Just when you thought that driving around Dallas – Fort Worth wasn’t dangerous enough, soon people will be doing that while watching their favorite shows.
AT&T is initially billing the vehicular live streaming service as an opportunity for parents to entertain restless kids in the back seat during long drivers. However, no doubt drivers will stream this to the front seat and watch as they drive.
While the price is $40 per month, the true cost will be the countless serious crashes caused by distracted drivers.
Will This Be Legal in Texas?
Texas law prohibits a television, DVR, DVD, or other similar equipment if the equipment is located so that the video display is not visible from the operator’s seat. This is unless the transmission is in park or the parking brake is applied. TEX. TRANSP. CODE, Section 547.611.
A screen for a monitoring device that is used only for navigation is exempted — and what vehicle in the last few years doesn’t have one?
You can bet that as soon as the technology is available, drivers will start watching on the dashboard screen. And that police — and lawyers for injured people — will not be able to prove they were watching and that is the reason the automobile or truck collision happened.
Texas laws do not adequately protect the public from distracted drivers. No statewide ban on texting while driving exists, and 40 cities have had to enact their own local ordinances that ban the practice.
Why We Must Do More To Stop Distracted Driving
On Friday night in Nacodoches, a young woman drove into a tree, killing two area women, Rajeen Williams, age 21, from Burleson and Geena Zanick, 18, from Flower Mound. Although the details of how this tragic collision happened are not available, you can guess that distracted driving may have been involved.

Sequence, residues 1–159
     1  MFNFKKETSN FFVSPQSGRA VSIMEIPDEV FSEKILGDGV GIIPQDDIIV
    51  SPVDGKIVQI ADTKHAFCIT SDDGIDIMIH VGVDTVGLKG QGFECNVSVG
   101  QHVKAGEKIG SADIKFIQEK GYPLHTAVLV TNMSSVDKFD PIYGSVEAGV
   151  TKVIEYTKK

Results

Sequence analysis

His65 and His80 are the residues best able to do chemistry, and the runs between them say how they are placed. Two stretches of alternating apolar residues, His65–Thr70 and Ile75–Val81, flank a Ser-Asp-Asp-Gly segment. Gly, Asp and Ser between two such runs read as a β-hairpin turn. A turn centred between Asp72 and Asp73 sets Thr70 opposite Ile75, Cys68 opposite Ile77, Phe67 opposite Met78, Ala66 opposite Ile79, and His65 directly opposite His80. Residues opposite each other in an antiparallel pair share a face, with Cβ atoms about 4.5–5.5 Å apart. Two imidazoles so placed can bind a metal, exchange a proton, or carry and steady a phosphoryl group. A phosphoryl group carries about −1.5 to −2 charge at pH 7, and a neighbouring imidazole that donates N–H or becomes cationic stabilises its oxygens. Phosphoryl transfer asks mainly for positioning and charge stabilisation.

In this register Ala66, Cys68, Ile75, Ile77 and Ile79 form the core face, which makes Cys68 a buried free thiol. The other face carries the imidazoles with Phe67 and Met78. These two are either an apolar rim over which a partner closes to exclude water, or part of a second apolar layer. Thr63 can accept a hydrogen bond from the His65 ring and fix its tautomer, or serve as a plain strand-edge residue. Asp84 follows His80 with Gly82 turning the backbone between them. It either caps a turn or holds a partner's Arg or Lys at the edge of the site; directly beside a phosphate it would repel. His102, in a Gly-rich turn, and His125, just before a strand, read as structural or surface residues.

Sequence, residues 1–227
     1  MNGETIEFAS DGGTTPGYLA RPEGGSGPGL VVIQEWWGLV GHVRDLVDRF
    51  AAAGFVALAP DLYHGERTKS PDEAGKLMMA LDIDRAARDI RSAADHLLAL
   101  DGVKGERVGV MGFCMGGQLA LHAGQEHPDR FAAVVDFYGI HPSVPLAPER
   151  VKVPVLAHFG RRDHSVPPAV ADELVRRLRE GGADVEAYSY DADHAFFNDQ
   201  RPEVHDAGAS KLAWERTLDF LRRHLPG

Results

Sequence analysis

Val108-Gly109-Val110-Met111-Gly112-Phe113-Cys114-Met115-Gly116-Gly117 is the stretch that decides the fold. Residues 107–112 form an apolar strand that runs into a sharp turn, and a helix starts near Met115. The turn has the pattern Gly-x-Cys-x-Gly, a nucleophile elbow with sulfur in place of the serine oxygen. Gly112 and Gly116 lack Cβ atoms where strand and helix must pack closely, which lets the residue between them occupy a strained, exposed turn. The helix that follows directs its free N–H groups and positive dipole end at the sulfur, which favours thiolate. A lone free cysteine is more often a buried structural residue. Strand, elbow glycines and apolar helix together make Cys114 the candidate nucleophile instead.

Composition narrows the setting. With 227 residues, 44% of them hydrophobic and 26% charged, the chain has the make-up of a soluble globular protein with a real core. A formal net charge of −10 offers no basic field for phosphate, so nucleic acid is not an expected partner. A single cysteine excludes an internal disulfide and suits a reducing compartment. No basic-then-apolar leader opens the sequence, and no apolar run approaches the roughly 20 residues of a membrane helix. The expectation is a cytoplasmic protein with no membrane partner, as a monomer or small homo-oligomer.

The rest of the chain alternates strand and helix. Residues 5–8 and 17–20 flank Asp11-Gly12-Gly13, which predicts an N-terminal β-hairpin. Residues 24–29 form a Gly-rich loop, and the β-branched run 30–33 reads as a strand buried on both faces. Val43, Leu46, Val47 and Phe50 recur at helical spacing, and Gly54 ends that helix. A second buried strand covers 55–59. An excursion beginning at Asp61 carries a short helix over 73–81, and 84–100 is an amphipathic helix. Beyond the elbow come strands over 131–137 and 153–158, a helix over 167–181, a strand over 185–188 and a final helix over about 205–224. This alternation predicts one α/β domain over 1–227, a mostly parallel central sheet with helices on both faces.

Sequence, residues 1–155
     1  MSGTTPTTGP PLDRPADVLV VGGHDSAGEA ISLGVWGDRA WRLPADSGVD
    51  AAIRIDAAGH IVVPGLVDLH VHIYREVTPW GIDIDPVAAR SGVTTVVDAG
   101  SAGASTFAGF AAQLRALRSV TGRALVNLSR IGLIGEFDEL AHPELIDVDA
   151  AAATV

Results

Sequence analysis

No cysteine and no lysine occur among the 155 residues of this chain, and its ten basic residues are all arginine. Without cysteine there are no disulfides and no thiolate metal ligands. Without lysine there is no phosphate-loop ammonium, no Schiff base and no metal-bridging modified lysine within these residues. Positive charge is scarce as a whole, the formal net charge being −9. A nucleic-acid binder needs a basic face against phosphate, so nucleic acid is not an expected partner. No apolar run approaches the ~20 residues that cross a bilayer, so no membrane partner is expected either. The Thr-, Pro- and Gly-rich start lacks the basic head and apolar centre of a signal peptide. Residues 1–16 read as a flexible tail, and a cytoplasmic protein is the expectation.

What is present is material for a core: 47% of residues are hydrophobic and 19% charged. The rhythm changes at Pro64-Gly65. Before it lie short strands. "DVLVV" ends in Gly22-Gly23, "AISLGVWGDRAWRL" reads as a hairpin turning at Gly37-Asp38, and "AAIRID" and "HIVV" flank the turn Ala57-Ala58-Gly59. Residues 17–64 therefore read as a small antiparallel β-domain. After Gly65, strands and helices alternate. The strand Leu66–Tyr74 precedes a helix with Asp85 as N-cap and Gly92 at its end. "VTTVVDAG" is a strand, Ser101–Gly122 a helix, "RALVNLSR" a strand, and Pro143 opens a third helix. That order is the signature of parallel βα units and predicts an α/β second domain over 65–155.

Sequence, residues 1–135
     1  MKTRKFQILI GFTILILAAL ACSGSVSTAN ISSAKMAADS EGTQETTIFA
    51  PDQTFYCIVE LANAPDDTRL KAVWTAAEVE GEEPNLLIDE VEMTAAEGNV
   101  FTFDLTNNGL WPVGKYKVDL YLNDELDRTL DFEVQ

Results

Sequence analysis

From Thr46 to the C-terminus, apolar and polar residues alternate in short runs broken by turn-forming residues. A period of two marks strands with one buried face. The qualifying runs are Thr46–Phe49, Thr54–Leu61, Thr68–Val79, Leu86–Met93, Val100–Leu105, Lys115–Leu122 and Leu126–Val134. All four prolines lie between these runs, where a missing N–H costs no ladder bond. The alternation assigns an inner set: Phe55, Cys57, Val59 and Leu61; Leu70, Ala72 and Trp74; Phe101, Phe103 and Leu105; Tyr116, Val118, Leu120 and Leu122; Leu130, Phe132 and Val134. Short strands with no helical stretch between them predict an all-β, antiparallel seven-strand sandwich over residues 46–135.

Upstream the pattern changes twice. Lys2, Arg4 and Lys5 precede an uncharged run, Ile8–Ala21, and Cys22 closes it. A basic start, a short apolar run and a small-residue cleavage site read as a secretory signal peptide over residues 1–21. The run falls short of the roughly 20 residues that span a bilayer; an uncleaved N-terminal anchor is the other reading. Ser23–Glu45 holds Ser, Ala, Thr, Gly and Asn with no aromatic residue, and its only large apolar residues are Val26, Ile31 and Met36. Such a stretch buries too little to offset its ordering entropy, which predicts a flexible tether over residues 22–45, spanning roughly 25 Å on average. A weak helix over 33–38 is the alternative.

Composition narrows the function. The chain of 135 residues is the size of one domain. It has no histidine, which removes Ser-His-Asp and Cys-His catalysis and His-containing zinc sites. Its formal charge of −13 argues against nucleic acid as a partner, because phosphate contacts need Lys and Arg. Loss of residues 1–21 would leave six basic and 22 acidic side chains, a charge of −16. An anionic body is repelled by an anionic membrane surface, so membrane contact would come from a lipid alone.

3,179 people were killed and approximately 431,000 were injured here in car wrecks involving distracted drivers in 2014. I anticipate that the 2015 statistics will probably be worse when they are released.
Statistics show that other kinds of distracted driving greatly increase the chance of a crash including:
Statistics also show that at any given time, more than 50% of drivers are not watching the road.
It is Time for State Leaders To Take Action
Former Governor Rick Perry vetoed legislation that passed in 2011 and in 2013, the bill died in the Senate after Gov. Perry made clear he would again veto any such legislation that limited drivers’ rights to be distracted. Again, an anti-texting bill died in the Senate in 2015, and would have been vetoed by Governor Greg Abbott.
Not only should texting and talking while driving be unlawful in the state, but Texas lawmakers should crack down on all distracted driving. Hopefully, those in the 2017 legislative session that begins in January will finally be the ones with the wisdom to ban texting while driving.